Credit goes to Samuel Sefzik (several time tournament champion and high-placing debater at Nationals) for the second and third idea.
Confident body language sometimes boils down to small details in how you act in a debate round. Some of the things you don’t even pay attention to while debating can affect the judge’s perception of your confidence.
1. Setting up at the lectern
When you go up to speak, do your papers look disorganized? That already makes you seem frantic, so work on that. Samuel recommends taking everything up in a binder that you can open when you get to the lectern, and close when you are about to leave. While I never did this, this may work for some people. Alternatively, tag all your evidence and bring it up in a neat stack along with your flowpad, and that will look organized as well.
If you have to shuffle some things around on the lectern, take your time. If you do it quickly it makes you look nervous.
Finally, when you’re done setting up, take a couple of seconds to look at the judge or judges in the eye and make sure they’re ready before proceeding.
I’m a big fan of saying “looks like everyone is ready, so I’ll begin”, rather than going through the ritual of asking each person if they’re ready.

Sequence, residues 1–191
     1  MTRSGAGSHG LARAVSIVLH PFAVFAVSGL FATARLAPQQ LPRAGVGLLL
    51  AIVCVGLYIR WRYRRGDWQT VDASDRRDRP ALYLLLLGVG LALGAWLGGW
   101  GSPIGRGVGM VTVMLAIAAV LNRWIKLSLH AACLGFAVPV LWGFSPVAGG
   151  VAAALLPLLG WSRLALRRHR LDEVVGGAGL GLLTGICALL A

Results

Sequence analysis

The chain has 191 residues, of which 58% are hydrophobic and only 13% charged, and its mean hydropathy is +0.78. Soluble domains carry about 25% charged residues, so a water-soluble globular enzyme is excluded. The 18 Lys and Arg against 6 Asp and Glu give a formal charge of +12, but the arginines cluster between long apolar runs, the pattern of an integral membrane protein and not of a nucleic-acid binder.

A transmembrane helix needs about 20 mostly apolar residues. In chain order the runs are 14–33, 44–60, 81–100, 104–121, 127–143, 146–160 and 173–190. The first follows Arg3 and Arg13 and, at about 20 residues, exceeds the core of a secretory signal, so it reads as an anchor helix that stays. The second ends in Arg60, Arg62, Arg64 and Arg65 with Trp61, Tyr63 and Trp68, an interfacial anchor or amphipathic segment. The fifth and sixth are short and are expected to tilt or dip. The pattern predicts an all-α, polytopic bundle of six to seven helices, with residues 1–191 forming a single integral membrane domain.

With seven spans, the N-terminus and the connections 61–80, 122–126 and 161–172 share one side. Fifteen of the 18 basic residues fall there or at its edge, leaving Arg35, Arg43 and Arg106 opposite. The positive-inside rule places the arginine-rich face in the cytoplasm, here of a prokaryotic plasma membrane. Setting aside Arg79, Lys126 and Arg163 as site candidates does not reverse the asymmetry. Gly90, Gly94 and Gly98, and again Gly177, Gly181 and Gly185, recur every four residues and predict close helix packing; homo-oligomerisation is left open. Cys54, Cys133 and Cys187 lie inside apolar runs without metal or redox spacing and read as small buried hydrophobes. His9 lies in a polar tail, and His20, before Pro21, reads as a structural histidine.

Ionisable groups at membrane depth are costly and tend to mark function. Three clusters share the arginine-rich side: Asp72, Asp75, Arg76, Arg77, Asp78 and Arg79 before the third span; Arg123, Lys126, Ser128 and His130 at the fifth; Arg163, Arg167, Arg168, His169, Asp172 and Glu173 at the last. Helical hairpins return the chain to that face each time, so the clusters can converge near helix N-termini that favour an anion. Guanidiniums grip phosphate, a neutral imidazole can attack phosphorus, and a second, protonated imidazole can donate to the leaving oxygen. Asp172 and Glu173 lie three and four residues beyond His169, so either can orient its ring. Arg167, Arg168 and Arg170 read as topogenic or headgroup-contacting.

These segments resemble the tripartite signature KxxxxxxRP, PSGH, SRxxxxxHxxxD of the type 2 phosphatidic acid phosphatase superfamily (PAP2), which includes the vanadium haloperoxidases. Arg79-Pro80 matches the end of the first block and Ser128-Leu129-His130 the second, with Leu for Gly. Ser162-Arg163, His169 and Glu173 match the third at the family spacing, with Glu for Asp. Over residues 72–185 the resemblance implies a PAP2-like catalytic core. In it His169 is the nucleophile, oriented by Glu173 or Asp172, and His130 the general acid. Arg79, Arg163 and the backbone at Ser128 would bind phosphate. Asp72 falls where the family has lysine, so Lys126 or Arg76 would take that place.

2. Leaving the lectern
Many debaters will finish their speech, say “thank you”, and immediately shuffle away from the lectern as if they’re breathing a sigh of relief. No matter how good your speech sounded, if you leave with the posture of defeat, you’ll undermine your speech.
After finishing, take a moment to give each judge appropriate eye contact, then leave or say you’re ready for cross-examination.
3. Eye contact with multiple judges
While you’re speaking, try to switch from judge to judge without blinking in between. If you blink before every transition, it looks as if you’re looking away because you’re nervous or have something to hide.
Instead, have a steady gaze that stops meaningfully at each judge.
Of course, not blinking would be a bad idea. I don’t mean to take it to that extreme. Just try not to always blink during transitions from one set of eyes to another.
These three tips will improve your perceived confidence at the lectern, making it seem like you own the place.
Of course, it can be difficult to pay attention to each of these tips individually, but that’s why “fake it till you make it” only works up to a certain point. Eventually, you’ll want to learn true confidence so that these behaviors are automatic, not pre-planned.
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